ARC Review: Shadow of the Fox by Julie Kagawa (Inuyasha in book form)

Posted by Jessi (Geo) on September 17, 2018 | 1 Comment

ARC Review: Shadow of the Fox by Julie Kagawa (Inuyasha in book form)Shadow of the Fox by Julie Kagawa
Series: Shadow of the Fox #1
Published by Harlequin Teen (10.2.2018)
Genres: Fantasy, Young Adult
Format: ARC, 400 pages
Source: Traded

5 Stars

Every millennium, one age ends and another age dawns...and whoever holds the Scroll of a Thousand Prayers holds the power to call the great Kami Dragon from the sea and ask for any one wish. The time is near...and the missing pieces of the scroll will be sought throughout the land of Iwagoto. The holder of the first piece is a humble, unknown peasant girl with a dangerous secret.

Demons have burned the temple Yumeko was raised in to the ground, killing everyone within, including the master who trained her to both use and hide her kitsune shapeshifting powers. Yumeko escapes with the temple’s greatest treasure—one part of the ancient scroll. Fate thrusts her into the path of a mysterious samurai, Kage Tatsumi of the Shadow Clan. Yumeko knows he seeks what she has...and is under orders to kill anything and anyone who stands between him and the scroll.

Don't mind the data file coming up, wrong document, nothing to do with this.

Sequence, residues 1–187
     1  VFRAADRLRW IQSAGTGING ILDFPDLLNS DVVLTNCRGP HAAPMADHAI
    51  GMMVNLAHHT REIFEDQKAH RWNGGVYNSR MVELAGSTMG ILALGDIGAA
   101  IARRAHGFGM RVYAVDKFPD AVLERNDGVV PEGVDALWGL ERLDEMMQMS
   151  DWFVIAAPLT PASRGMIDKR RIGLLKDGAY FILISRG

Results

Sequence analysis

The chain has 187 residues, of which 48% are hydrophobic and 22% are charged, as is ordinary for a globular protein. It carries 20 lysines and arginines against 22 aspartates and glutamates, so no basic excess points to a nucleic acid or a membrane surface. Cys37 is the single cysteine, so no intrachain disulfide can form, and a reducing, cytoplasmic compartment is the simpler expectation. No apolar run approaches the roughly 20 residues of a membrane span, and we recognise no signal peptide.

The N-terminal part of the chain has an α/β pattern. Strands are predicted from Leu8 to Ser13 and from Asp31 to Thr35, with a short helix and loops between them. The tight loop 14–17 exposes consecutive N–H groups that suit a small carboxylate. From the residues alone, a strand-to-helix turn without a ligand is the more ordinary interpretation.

A wish will be granted and a new age will dawn.

My thoughts

The dragon is rising.

Three things Jessi loves:

  1. Japanese culture
  2. Julie Kagawa
  3. Inuyasha

I knew I would love this book before I ever picked it up, because 1) Julie is my second favorite author of all time, and 2) I LOOOVE Japanese culture. There are not enough Japanese books in YA! In fact, the only other one I know of off the top of my head is my fave series, The Lotus Wars (by Jay Kristoff who happens to be my favorite author). This book reminded me so much of that world, and it made me love it even more!

Which brings me to my third point: This book is basically Inuyasha in book form. I wasn’t expecting that going in, so it was a pleasant surprise! It felt SO much like Inuyasha, which is one of my all time fave animes, I enjoyed the shit out of it you guys! I had so much fun reading this book. The oni and yokai and the feudal era-esque world just screamed Inuyasha. It reads very much like an anime as well. It was awesome!!

I also want to say how thrilled I am that Julie is finally publishing a Japanese story. WINNING. And even better that it’s a kitsune story! The kitsune myth fascinates me, and when she teased it at a signing I went to a year or two ago I was beside myself! I’m so glad I got my hands on this book.

Now, on to the story. The world and culture were definitely my favorite part! I adored all of the colorful and imaginative Japanese culture and legends brought together. And the idea of a wish granting dragon that awakens only once in a thousand years – um, AMAZING?! It was such a unique and magical concept, and Julie’s beautiful storytelling brought it to life.

“I am nothing. I am a weapon in the hands of the Kage. My life exists only to be the bearer of Kamigoroshi and to obey the orders of the Shadow Clan.”